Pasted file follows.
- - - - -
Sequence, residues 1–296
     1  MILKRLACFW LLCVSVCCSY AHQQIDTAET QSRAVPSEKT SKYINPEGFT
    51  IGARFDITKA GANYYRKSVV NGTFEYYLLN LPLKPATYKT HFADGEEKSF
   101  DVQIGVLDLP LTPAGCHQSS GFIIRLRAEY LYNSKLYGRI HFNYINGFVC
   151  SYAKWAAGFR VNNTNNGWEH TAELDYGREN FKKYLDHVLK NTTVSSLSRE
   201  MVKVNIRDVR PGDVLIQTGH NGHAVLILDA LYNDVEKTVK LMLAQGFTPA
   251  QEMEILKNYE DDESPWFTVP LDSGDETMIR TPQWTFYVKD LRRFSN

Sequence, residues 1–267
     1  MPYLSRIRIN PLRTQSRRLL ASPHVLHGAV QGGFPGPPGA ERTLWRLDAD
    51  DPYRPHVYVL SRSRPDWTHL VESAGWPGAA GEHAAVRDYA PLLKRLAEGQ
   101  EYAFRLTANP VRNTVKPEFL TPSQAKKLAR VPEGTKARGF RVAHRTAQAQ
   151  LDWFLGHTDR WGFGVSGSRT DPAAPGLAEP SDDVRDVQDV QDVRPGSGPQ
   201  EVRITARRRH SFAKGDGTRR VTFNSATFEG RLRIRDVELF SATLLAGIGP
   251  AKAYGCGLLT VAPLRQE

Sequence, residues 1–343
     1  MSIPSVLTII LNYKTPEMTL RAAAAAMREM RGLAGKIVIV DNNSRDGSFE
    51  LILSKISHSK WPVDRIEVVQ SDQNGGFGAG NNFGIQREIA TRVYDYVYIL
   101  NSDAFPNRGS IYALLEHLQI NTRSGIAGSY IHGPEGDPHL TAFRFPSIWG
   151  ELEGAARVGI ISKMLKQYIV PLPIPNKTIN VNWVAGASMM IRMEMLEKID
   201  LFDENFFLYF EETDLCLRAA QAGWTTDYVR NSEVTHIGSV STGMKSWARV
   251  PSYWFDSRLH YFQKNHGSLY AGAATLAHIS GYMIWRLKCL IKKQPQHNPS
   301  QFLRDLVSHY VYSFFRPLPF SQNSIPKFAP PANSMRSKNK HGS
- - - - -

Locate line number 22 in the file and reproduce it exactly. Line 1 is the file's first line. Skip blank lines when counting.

   301  QFLRDLVSHY VYSFFRPLPF SQNSIPKFAP PANSMRSKNK HGS